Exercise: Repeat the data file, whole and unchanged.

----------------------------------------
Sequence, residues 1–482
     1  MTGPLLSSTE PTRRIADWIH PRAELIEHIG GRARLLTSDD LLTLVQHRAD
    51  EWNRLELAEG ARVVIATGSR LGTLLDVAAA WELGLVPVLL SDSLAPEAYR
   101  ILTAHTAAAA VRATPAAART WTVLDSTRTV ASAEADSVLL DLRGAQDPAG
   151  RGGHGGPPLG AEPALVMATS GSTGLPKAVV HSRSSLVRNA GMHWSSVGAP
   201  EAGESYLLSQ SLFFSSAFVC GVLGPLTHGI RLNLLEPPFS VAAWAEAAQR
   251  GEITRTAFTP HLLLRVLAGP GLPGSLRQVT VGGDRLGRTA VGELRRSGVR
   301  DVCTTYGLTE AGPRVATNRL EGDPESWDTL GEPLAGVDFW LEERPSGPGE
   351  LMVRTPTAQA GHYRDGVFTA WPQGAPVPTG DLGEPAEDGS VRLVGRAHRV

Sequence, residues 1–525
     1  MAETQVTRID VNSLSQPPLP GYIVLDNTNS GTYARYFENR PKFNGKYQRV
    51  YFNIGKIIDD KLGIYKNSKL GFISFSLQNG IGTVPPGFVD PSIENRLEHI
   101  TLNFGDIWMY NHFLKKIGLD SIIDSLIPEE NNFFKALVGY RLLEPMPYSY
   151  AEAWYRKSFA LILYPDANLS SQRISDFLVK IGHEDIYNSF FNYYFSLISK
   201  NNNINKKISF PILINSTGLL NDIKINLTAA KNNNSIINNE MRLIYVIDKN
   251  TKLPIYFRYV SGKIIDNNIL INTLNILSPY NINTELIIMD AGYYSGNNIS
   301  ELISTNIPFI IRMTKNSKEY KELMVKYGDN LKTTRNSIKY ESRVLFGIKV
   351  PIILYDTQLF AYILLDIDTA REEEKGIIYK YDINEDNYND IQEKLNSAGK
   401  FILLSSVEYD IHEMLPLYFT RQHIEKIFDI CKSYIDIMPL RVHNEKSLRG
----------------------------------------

Sequence, residues 1–482
     1  MTGPLLSSTE PTRRIADWIH PRAELIEHIG GRARLLTSDD LLTLVQHRAD
    51  EWNRLELAEG ARVVIATGSR LGTLLDVAAA WELGLVPVLL SDSLAPEAYR
   101  ILTAHTAAAA VRATPAAART WTVLDSTRTV ASAEADSVLL DLRGAQDPAG
   151  RGGHGGPPLG AEPALVMATS GSTGLPKAVV HSRSSLVRNA GMHWSSVGAP
   201  EAGESYLLSQ SLFFSSAFVC GVLGPLTHGI RLNLLEPPFS VAAWAEAAQR
   251  GEITRTAFTP HLLLRVLAGP GLPGSLRQVT VGGDRLGRTA VGELRRSGVR
   301  DVCTTYGLTE AGPRVATNRL EGDPESWDTL GEPLAGVDFW LEERPSGPGE
   351  LMVRTPTAQA GHYRDGVFTA WPQGAPVPTG DLGEPAEDGS VRLVGRAHRV

Sequence, residues 1–525
     1  MAETQVTRID VNSLSQPPLP GYIVLDNTNS GTYARYFENR PKFNGKYQRV
    51  YFNIGKIIDD KLGIYKNSKL GFISFSLQNG IGTVPPGFVD PSIENRLEHI
   101  TLNFGDIWMY NHFLKKIGLD SIIDSLIPEE NNFFKALVGY RLLEPMPYSY
   151  AEAWYRKSFA LILYPDANLS SQRISDFLVK IGHEDIYNSF FNYYFSLISK
   201  NNNINKKISF PILINSTGLL NDIKINLTAA KNNNSIINNE MRLIYVIDKN
   251  TKLPIYFRYV SGKIIDNNIL INTLNILSPY NINTELIIMD AGYYSGNNIS
   301  ELISTNIPFI IRMTKNSKEY KELMVKYGDN LKTTRNSIKY ESRVLFGIKV
   351  PIILYDTQLF AYILLDIDTA REEEKGIIYK YDINEDNYND IQEKLNSAGK
   401  FILLSSVEYD IHEMLPLYFT RQHIEKIFDI CKSYIDIMPL RVHNEKSLRG